Fifty years ago, the newspaper was the only way to get reliable news. These days, we’ve almost all switched to digital versions. (Plus Twitter. And Facebook.) But just because we consume news differently than Grandpa did doesn’t mean classic newspapers aren’t worth picking up next time you’re at Starbucks or stop to pump gas!
Try out these 19 uses for newspapers:
If you’ve ever wandered into an old bookstore (or a grandparent’s closet), you know the musty smell we’re talking about. To get rid of it, grab a newspaper. Crumple up the newspaper and place the papers in the bottom of a paper bag. Then, place the musty-smelling item (book, clothing item, etc.) into the bag. Let it sit for about a week, and then open the bag. The newspaper will have absorbed the musty smell just like a Dementor munching on an escaped Askaban convict’s soul.
Prevent rotting peppers and foul-smelling produce drawers in the fridge by lining the drawers with newspaper. The paper will absorb any excess moisture. One a week, toss the old paper and line the drawer with a fresh sports section.
Moving pretty much always sucks, but it’s ten times worse if you break something fragile in transit. Bubble wrap is the gold standard, but that stuff isn’t cheap! Protect breakable items on a budget by wrapping them in newspaper before the move. We recommend several sheets per items.
To remove streaks from mirrors and windows, use newspaper instead of cloth to wipe away Windex. Not only will the newspaper remove streaks, it won’t leave any residue behind.
If you’re out of fancy wrapping paper, use newspaper instead! Personalize the gift by choosing a section of the paper that fits the receiver’s personality. If they love baseball, opt for the sports section. Funny guy? Go for the comics. And for foodies, choose the food and drink page. It’s the little things that really come off as thoughtful!
Rain happens. And after it happens, it makes your shoes smell terrible if you let them stay all soggy. To dry shoes quickly and prevent odor, stuff wet shoes with newspaper immediately. The newspaper will soak up the moisture and protect your kicks.
We love our pups, but four-legged friends are not exactly car-friendly, and sometimes your stuck without a blanket or mat to protect your seats. If you get caught in such a scenario, you can always grab some newspaper and cover your seats before taking a drive with your pet.
Doormats do all kinds of good in terms of protecting your home. But when serious rainstorms (snowstorms) strike, your mat is about as useful as nipples on a breastplate. When the weather gets super nasty, don’t be afraid to spread out a few newspaper rolls over the floor around your door. It’ll protect your hardwood or carpet from rain, mud, sleet or snow, and create a convenient spot for guests to leave their shoes without causing a huge mess.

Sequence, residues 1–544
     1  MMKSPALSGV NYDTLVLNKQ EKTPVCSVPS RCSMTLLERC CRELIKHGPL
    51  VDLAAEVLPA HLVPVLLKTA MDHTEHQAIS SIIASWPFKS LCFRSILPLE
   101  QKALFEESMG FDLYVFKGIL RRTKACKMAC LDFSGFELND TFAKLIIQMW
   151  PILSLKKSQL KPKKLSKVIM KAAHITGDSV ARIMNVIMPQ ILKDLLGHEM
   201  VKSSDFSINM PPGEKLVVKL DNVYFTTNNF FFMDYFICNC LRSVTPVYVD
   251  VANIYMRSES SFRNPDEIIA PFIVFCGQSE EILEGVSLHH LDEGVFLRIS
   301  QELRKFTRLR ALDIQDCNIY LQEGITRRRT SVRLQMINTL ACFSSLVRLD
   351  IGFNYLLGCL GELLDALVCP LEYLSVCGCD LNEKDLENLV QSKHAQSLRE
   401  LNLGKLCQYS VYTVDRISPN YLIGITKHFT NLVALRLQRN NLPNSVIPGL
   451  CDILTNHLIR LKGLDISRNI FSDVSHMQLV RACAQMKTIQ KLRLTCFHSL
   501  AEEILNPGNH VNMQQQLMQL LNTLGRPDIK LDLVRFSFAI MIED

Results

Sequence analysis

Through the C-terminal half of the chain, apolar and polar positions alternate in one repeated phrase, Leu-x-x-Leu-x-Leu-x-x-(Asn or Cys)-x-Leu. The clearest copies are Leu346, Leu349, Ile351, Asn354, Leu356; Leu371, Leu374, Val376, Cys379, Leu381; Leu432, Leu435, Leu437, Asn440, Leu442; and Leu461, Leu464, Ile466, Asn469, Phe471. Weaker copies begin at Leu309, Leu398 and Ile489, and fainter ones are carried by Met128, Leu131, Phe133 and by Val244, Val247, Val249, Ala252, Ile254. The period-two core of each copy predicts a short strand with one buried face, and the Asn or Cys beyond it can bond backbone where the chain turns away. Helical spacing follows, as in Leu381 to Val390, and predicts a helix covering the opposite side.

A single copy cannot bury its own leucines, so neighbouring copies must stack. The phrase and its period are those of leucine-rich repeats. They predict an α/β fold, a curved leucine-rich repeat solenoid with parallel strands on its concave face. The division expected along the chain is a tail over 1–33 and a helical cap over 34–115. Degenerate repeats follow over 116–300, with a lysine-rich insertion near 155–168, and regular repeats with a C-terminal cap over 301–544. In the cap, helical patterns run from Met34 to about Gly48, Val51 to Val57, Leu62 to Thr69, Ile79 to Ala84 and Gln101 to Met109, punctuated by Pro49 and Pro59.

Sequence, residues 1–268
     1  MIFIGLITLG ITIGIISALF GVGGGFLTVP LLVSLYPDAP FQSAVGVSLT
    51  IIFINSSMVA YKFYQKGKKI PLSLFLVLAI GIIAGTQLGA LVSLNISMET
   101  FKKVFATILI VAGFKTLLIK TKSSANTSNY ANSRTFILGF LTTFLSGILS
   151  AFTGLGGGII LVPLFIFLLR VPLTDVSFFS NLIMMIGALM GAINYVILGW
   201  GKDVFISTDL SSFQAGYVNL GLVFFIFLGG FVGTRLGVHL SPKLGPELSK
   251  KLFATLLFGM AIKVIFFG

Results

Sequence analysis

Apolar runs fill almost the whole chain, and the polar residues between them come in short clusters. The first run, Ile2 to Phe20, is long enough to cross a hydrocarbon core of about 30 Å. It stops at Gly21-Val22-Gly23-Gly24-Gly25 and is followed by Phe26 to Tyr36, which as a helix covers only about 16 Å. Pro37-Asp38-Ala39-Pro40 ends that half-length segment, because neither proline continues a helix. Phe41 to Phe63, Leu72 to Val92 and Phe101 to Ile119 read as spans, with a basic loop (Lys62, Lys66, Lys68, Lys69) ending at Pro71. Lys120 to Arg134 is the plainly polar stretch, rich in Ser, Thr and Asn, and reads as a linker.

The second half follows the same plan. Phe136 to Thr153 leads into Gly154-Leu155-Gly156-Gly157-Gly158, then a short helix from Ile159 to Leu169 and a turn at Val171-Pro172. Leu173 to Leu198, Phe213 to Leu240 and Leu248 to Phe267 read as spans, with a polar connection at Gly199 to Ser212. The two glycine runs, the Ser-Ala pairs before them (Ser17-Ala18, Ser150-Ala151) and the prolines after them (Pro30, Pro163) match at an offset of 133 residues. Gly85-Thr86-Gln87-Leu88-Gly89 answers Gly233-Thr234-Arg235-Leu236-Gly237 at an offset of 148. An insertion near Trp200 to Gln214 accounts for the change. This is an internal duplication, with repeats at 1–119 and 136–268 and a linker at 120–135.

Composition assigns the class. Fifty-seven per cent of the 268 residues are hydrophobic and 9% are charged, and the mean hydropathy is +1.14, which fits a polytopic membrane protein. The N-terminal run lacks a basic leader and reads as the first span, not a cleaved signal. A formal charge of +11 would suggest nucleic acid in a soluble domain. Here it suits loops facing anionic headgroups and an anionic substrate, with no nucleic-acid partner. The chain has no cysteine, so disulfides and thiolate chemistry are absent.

Instead of purchasing expensive over-the-counter animal bedding for your hamsters, guinea pigs, rabbits or mice, just cut up newspaper. It’s safe and nontoxic, plus it’s inexpensive. Note: To keep your pet safe and clean, change your paper bedding regularly.
When weeds take over your yard, kill them quickly with newspaper. Lay several layers of the paper on top of the weeds, and then cover it with mulch to hold it place. The paper will smother the weeds, and prevent them from getting sunlight and oxygen. Over time, the newspaper will decompose with the mulch and add nutrients to the soil. Note: Don’t try this trick around flowers, because it will smother the flowers, too!
Worms love newspaper, and worms will add something special to your compost (catch our drift?). To enhance your compost, toss in a few crumpled pieces of newspaper.
If you’re the gardening type, don’t toss green tomatoes. Instead, use newspaper to ripen them. Pick the green tomatoes off of the vine, and then wrap them individually in newspaper. Layer the tomatoes in a box no more than two layers deep. Keep the box in a dark, dry area (like a garage or pantry) and check it weekly for progress. It typically takes 3-4 weeks for the green tomatoes to ripen. Note: When you check the tomatoes, be sure to remove any that are rotting instead of ripening.
There are tons of ways to start a fire, but newspaper is a great, easy option if you do it properly. Roll newspaper diagonally like tiny logs, and then fasten 5-10 tiny logs together with rubber bands. Place the “paper log” in the fireplace below your larger pieces of wood and light one end. It’ll work like a charm.
If small items, like screws or pushpins, get loose, a paper will make the cleanup easier. Simply roll the paper into a makeshift funnel and use it to put the pieces back in their original jar.
Keep your boots in shape during the offseason by sticking rolled up newspapers into the leg of the boot. This will keep their shape and protect them from damage. Plus, they’ll be easier to store.
Crab restaurants cover their tables with newspaper for a reason - it’s easy to clean up and protects your table from the mess. If you’re hosting a dinner party where things may get messy (i.e. shrimp, crab, crawfish), cover the table with a few layers of newspaper just to be safe.
If you’re expecting a big snow or freezing temperatures, cover your windshield with a layer of newspaper to prevent ice.
For a quick and inexpensive decoration, make newspaper roses. All you need is paper, gauge wire, a glue gun, scissors and wire cutter! Cut out your petals to their desired size and then glue them into place. For step-by-step instructions, visit: 100 Layer Cake. Once the glue has fully dried, feel free to paint your roses.
Newspaper is generally just as absorbent as your average paper towel, so store a few rolls in the kitchen to wipe up spills.